If you’ve watched Mad Men at all, you’ve heard variations of this line thrown around at least a few times. Likewise, if you’ve been in nonprofits for very long, you’ve heard our sector’s variation, “Everyone’s a fundraiser”. These phrases are used so often, that it seems like there is an assumption that everyone knows what they mean, but in both cases, it’s clear that everyone could use a bit of explanation.
It doesn’t mean that everyone should be out making asks or maintaining important relationships, at least not without guidance from your office’s actual fundraising/account staff. It means that nonprofit organizations, like small advertising firms, work as a team, and the staff members are chosen to support each other. A key way for staff to support those in fundraising/account roles is to remember the “See Something, Say Something” posters that have popped up around our lives in the post-9/11 world. The authorities know that they need the public’s eyes to catch all threats, so they make everyone know their new role.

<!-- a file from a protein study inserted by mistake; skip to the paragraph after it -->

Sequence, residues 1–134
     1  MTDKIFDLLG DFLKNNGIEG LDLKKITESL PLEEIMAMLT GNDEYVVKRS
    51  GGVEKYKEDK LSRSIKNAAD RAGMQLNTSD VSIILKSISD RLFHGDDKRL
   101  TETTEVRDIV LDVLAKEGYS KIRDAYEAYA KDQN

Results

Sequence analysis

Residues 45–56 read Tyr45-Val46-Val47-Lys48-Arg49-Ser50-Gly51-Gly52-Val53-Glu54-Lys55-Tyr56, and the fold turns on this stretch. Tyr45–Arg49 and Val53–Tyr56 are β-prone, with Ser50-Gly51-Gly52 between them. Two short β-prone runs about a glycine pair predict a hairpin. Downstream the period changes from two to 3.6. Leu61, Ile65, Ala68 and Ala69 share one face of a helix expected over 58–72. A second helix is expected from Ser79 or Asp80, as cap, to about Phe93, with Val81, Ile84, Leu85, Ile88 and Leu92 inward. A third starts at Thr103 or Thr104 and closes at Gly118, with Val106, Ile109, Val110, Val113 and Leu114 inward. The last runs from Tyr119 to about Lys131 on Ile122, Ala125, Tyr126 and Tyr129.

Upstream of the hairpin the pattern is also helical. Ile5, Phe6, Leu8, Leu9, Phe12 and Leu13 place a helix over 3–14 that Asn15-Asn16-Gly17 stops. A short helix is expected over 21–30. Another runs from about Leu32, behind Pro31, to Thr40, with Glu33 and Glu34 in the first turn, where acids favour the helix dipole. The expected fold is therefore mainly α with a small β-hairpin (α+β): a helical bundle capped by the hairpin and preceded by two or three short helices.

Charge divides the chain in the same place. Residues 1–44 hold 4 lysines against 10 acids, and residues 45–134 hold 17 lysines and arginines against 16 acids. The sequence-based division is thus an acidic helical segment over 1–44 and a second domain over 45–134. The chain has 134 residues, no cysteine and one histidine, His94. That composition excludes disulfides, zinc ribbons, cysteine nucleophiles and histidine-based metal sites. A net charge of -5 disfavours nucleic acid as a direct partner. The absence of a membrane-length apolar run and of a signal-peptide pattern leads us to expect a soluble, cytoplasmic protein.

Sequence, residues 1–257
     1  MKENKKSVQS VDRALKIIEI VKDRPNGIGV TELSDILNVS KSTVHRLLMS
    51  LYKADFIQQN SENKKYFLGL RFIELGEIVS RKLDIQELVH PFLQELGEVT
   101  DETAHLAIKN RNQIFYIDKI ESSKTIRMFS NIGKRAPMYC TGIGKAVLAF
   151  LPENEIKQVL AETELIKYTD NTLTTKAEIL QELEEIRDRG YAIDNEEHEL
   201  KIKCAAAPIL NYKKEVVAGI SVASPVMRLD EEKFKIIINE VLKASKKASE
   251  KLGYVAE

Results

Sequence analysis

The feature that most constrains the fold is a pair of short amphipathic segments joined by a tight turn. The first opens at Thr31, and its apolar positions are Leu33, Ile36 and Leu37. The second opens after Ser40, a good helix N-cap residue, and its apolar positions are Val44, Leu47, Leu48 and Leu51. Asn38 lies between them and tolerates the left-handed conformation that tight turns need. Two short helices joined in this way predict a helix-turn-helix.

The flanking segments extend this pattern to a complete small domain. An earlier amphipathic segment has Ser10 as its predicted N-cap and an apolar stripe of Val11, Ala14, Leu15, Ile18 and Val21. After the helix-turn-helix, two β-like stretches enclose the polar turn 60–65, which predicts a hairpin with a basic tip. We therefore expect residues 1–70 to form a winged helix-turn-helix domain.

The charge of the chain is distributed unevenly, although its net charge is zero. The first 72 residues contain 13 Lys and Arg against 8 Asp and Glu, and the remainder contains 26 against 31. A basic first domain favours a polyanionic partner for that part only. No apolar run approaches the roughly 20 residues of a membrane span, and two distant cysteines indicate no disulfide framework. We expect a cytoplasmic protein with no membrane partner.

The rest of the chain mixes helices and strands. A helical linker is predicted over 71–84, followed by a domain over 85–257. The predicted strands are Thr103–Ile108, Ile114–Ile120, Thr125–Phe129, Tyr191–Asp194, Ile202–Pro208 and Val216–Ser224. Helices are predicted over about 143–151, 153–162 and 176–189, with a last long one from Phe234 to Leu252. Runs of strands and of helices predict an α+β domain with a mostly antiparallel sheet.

Much like Harry Crane made a huge blunder by not passing along information from their Lucky Strike contact to the accounts staff, many nonprofits have dropped balls when information was not passed from non-fundraising staff into that department. There are many times where non-fundraising staff may learn valuable information that can be key to your organization. Maybe the receptionist knows that a donor has been calling repeatedly, but not leaving messages when transferred. Maybe your program coordinator heard about a new grant in a social setting with their other nonprofit friends. As much as it may seem obvious for these staff members to tell the development director about these news, not all nonprofits are set up well in that regard. Has your fundraising team made requests for information clear to other departments, or at least maintained an “open door”? For every nonprofit with fundraising staff who would thank these staff members for the tip, others would tell them to mind their own business. Does your nonprofit have a culture of sharing in place?